Tusla has advised that it has commenced a review of emergency domestic violence accommodation in the Dublin area, which will be completed by Quarter 4, 2019. I expect Tusla to publish the report in due course.

Tusla will continue to work with service providers throughout the country in the provision of resources to victims of domestic violence, including emergency refuge accommodation, non-refuge accommodation, and community supports.

Foster Care Data

Questions (1198)

Clare Daly

Question:

1198. Deputy Clare Daly asked the Minister for Children and Youth Affairs if children are ever placed in foster care abroad rather than locally; and if so, the number of children placed abroad in each year since 2011, by country of placement. [13349/19]

View answer

Written answers (Question to Children)

I am advised by Tusla the Child and Family Agency, that the number of children placed in foster care, and living abroad, represents a very small proportion of all children in foster care. At the end of December 2018, the most recent date for which data is available, a total of 5,556 children were in foster care.

A child may be in foster care overseas when the child is placed by Tusla with relatives who reside outside of the jurisdiction. Alternatively, foster carers/relative carers, who have a child placed with them, may, due to personal circumstances decide to move from the jurisdiction. In this situation Tusla would determine whether it was in the best interests of the child to remain with their carers.

The table below lays out the number of children in foster care abroad, by year. Prior to the establishment of Tusla in 2014, the responsibility for foster care lay with the Health Services Executive. Tusla data is collated from its point of establishment onwards.

Table: Number and location of overseas foster care placements 2014-2019

Year

No. of children in foster care overseas

Countries

2019

13

UK, Finland, Spain

2018

13

UK, Finland, Spain

2017

12

UK, Spain

2016

12

UK, Spain

2015

11

UK, Spain

2014

7

UK, Spain

Adoption Data

Questions (1199)

Clare Daly

Question:

1199. Deputy Clare Daly asked the Minister for Children and Youth Affairs if children are ever placed by the Adoption Authority of Ireland in adoptive families abroad; and if so, the circumstances in which this occurs. [13350/19]

View answer

Written answers (Question to Children)

The question the Deputy has raised is a matter for the Adoption Authority of Ireland (AAI). Therefore I have asked the AAI to respond to the Deputy directly on this.

Mother and Baby Homes Inquiries

Questions (1200)

Mary Lou McDonald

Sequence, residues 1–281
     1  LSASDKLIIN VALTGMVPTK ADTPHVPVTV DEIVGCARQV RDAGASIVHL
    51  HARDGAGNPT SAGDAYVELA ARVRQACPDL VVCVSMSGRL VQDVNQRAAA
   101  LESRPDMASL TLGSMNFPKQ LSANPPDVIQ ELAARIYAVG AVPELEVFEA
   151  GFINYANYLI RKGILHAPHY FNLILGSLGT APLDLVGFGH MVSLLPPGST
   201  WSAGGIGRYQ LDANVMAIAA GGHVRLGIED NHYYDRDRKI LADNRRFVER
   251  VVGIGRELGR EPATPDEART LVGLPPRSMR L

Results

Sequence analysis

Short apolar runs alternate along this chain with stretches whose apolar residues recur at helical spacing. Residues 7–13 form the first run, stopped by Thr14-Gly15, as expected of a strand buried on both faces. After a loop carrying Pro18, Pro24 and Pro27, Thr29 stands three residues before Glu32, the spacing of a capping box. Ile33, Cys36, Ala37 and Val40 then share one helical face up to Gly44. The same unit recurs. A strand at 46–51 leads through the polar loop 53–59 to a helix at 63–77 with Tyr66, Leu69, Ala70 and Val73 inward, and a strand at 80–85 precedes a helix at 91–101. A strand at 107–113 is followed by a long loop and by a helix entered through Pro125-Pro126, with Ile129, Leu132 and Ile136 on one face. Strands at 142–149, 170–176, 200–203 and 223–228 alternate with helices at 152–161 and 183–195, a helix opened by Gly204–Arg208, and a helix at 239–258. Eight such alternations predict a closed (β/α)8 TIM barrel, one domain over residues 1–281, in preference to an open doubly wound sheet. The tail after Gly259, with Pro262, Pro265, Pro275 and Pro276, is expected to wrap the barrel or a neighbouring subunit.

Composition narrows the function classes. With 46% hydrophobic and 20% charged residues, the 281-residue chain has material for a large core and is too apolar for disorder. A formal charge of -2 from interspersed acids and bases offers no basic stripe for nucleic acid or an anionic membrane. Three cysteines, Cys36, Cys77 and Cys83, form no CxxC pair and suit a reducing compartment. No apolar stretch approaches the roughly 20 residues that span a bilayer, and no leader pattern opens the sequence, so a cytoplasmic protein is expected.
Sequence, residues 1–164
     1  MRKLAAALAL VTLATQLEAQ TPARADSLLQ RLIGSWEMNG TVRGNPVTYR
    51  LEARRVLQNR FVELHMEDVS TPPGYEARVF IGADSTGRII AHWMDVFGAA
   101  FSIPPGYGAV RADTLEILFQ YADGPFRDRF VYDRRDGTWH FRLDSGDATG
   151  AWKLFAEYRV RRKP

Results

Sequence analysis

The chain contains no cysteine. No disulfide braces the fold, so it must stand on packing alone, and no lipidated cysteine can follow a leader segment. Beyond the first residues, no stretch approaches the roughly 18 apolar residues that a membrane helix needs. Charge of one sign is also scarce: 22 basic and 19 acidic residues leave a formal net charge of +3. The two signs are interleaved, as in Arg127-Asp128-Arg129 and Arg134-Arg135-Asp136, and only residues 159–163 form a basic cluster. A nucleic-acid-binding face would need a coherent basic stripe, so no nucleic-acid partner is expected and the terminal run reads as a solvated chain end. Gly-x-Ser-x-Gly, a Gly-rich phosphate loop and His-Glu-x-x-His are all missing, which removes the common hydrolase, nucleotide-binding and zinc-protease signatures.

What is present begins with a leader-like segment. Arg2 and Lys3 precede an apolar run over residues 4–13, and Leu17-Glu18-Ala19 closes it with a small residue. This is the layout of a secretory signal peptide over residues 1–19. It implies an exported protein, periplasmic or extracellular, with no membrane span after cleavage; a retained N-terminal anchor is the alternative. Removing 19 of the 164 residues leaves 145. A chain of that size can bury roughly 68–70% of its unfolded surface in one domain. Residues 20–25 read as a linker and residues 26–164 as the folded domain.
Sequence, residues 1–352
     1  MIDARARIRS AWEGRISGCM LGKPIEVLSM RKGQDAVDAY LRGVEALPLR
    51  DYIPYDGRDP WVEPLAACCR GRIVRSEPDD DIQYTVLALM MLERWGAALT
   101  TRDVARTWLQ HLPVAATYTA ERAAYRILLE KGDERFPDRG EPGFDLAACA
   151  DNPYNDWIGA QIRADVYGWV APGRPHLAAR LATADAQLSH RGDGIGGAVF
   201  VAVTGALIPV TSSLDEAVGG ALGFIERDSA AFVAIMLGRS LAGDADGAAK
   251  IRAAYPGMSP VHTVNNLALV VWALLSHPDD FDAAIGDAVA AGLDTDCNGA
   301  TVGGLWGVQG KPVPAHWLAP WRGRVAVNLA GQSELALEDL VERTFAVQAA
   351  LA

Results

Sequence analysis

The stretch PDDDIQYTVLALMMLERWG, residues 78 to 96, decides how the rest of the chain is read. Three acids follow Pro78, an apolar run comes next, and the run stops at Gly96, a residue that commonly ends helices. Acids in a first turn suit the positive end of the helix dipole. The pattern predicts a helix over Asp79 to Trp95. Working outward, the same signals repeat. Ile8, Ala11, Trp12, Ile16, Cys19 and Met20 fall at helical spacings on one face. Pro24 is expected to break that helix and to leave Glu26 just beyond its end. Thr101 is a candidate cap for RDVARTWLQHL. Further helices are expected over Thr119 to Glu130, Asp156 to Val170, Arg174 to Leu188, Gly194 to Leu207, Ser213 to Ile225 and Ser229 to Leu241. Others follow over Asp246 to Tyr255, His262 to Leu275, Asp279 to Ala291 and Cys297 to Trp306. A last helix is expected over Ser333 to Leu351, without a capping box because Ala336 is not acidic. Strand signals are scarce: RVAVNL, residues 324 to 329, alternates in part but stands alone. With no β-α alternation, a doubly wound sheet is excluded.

Question:

1200. Deputy Mary Lou McDonald asked the Minister for Children and Youth Affairs if the Commission of Investigation into Mother and Baby Homes has refused to provide persons with a copy of their testimony to the commission; and if she will make a statement on the matter. [13374/19]

View answer

Written answers (Question to Children)

In accordance with section 9 of the Commissions of Investigation Act 2004, it is essential to recognise that the Commission of Investigation into Mother and Baby Homes is independent in the performance of its functions. The engagement with witnesses is a matter for the Commission and I do not have any role or information in this regard. These operational considerations are managed directly by the independent Commission. The Deputy may wish to contact the Commission directly to explore this matter further.

The legislative framework requires that evidence is given in private to facilitate fact finding while also protecting the rights of all individuals and groups to fair procedure. The Commission may hear all or part of the evidence of a witness in public if it is satisfied that it is in the interests of both the investigation and fair procedures to do so, or where the Commission agrees to the request of a witness to provide all or part of his or her evidence in public.

The Confidential Committee module of the Commission of Investigation provides an opportunity for persons who were formerly resident in the homes or who worked in these institutions, to provide personal accounts of their experiences in confidence and in private, as informally as is possible in the circumstances.

It is open to those who have given testimony at the Confidential Committee to contact the Commission to make arrangements to view the transcripts or listen to recordings of the testimony they have provided, if they so wish.

I want to acknowledge the courage it takes to provide testimony on such personal experiences, and the crucial importance of this information in informing the Commission’s work.